On November 15, 2007, Plaintiff filed an Answer to Defendants' Counterclaims. (Docket No. 81), and Defendants filed a Second Amended Answer. (Docket No. 84). The Court granted Defendants' Motion for Reconsideration on December 3, 2007, and ordered that Defendants file an Amended Answer within twenty (20) days. (Docket No. 88). Accordingly, on December 7, 2007, a Third Amended Answer was filed by Defendants, in which they asserted the affirmative defense of after-acquired evidence, and Allegheny reasserted its counterclaims for breach of fiduciary duty and breach of contract. (Docket No. 92). Plaintiff filed an Answer to Defendant's Amended Counterclaims on December 26, 2007. (Docket No. 101).
On March 4, 2008, Defendants filed a Motion for Summary Judgment on Plaintiff's claims (Docket No. 126). The Motion for Summary Judgment was also accompanied by a brief in support (Docket No. 127), a Concise Statement of Undisputed Material Facts (Docket No. 128), and an appendix (Docket No. 129). Generally, Plaintiff would have had thirty (30) days to respond to the motion by filing a responsive statement of material facts, a memorandum in opposition, and any appendix. W.D.Pa.L.R. 56.1(C). However, prior to filing the instant motion for summary judgment, Defendants filed a Motion for Monetary Sanctions and for Disqualification of Plaintiff's Counsel ("Motion for Sanctions and Disqualification"). (Docket No. 115). Accordingly, the Court held in abeyance Plaintiff's responses to Defendant's Motion for Summary Judgment until its ruling on the Motion for Sanctions and Disqualification. (See Docket No. 141).
On July 23, 2008, this Court issued a Memorandum Opinion denying Defendants' Motions for Sanctions and Disqualification (Docket No. 195). Defendants supplemented their briefs in support of their motions for summary judgment on August 29, 2008.*fn11 Plaintiff timely responded with a Brief in Opposition to Defendants' Motion for Summary Judgment (Docket No. 205), and a Counterstatement of Material Facts on October 7, 2008. (Docket No. 209). Defendants filed a Reply Brief in Support of their Motion for Summary Judgment on November 5, 2008 (Docket No. 213), along with a Reply in Support of their Statement of Undisputed Material Facts, in which Defendants responded to Plaintiff's Counterstatement of Material Facts. (Docket No. 215). On November 17, 2008, Plaintiff filed a Motion for Leave to File a Sur-Reply to Defendants' Reply in Support of Motion for Summary Judgment (Docket No. 221), and this Court granted said motion, ordering Plaintiff's Sur-Reply by December 4, 2008. (Docket No. 222). Hence, Plaintiff filed a Sur-Reply Brief in Opposition to Defendants' Motion for Summary Judgment. (Docket No. 226). Plaintiff also filed a Sur-Reply in Opposition to Defendants' Statement of Undisputed Material Facts and Response to Plaintiff's Counterstatement of Material Facts and Consolidated Statement of Facts. (Docket No. 227).*fn12 As the motion is more than fully briefed, it is now ripe for disposition.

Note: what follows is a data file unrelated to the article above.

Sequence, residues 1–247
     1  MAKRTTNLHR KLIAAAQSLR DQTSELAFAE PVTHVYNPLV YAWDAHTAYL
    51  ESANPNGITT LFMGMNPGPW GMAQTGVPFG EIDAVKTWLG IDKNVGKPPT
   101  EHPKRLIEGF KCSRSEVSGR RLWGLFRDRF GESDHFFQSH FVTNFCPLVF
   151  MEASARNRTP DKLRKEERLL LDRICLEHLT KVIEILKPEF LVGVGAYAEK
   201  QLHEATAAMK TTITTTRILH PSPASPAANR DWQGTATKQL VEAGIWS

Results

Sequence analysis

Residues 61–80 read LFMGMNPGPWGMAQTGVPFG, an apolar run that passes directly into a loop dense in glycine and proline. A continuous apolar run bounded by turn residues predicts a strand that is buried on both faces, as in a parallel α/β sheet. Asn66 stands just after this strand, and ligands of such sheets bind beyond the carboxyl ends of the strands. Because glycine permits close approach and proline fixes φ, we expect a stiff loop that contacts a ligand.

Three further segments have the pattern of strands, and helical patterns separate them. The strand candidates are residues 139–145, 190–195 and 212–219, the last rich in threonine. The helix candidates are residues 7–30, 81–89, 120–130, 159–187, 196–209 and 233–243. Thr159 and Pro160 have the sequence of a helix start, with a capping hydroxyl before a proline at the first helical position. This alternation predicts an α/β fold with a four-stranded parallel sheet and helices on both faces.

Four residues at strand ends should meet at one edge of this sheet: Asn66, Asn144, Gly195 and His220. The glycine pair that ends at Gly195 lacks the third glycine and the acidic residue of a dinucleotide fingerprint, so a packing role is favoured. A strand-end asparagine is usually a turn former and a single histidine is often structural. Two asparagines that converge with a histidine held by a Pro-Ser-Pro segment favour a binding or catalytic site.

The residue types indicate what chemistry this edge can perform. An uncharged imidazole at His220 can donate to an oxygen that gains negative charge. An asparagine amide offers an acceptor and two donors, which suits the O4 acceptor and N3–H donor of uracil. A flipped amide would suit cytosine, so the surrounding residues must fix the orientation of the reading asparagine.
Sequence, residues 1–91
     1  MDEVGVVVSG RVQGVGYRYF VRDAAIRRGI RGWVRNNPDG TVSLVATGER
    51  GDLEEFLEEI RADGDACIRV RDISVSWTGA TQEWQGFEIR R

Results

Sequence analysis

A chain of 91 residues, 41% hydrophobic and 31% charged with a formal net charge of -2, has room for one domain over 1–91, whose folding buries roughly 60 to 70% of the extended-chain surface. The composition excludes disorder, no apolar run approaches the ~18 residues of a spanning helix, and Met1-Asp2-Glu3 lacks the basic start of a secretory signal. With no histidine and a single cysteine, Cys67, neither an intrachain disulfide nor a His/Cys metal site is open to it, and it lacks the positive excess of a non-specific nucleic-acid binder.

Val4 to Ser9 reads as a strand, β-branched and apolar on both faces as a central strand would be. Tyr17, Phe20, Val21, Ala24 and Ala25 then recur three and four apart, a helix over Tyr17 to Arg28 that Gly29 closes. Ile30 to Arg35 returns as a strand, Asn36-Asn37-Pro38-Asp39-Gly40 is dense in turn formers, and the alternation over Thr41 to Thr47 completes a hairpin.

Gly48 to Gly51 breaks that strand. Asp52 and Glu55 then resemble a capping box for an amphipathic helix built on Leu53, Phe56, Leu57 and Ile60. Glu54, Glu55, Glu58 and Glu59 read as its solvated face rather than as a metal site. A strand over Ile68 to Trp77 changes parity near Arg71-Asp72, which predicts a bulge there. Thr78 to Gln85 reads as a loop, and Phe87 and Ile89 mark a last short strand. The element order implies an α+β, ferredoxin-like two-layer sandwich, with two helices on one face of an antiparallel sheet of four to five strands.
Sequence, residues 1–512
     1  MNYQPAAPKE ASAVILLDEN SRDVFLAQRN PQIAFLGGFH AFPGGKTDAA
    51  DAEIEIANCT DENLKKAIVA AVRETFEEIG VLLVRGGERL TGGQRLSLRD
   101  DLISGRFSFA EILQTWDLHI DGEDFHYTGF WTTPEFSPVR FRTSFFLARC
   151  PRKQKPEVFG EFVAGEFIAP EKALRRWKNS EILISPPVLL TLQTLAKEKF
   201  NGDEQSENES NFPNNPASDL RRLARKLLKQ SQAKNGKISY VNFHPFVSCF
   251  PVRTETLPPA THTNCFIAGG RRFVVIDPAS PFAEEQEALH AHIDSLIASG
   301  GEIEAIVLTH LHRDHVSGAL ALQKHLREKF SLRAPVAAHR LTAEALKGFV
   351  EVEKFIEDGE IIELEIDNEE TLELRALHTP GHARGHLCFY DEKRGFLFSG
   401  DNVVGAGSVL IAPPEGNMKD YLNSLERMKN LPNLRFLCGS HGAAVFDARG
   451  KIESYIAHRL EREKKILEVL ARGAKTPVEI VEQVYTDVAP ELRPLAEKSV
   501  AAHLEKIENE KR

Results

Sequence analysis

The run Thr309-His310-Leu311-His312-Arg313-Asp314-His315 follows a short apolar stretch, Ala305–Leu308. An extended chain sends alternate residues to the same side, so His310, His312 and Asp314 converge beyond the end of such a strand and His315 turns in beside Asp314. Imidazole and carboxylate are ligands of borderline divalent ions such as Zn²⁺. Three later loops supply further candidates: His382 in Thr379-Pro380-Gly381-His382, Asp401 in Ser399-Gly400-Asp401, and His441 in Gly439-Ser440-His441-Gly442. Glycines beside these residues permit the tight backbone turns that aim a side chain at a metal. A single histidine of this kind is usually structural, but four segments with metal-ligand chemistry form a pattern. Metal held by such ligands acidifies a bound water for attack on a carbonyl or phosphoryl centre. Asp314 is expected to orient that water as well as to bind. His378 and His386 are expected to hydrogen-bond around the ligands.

IV. LEGAL STANDARD
Summary judgment may only be granted "if the pleadings, depositions, answers to interrogatories, and admissions on file, together with the affidavits, if any, show that there is no genuine issue as to any material fact and that the moving party is entitled to a judgment as a matter of law." FED.R.CIV.P. 56(c). Pursuant to Rule 56, the Court must enter summary judgment against the party "who fails to make a showing sufficient to establish the existence of an element essential to that party's case, and on which that party will bear the burden of proof at trial." Celotex Corp. v. Catrett, 477 U.S. 317, 322, 106 S.Ct. 2548, 91 L.Ed.2d 265 (1986). A motion for summary judgment will not be defeated by the mere existence of some disputed facts, but will be defeated when there is a genuine issue of material fact. Anderson v. Liberty Lobby, 477 U.S. 242, 247-248 (1986).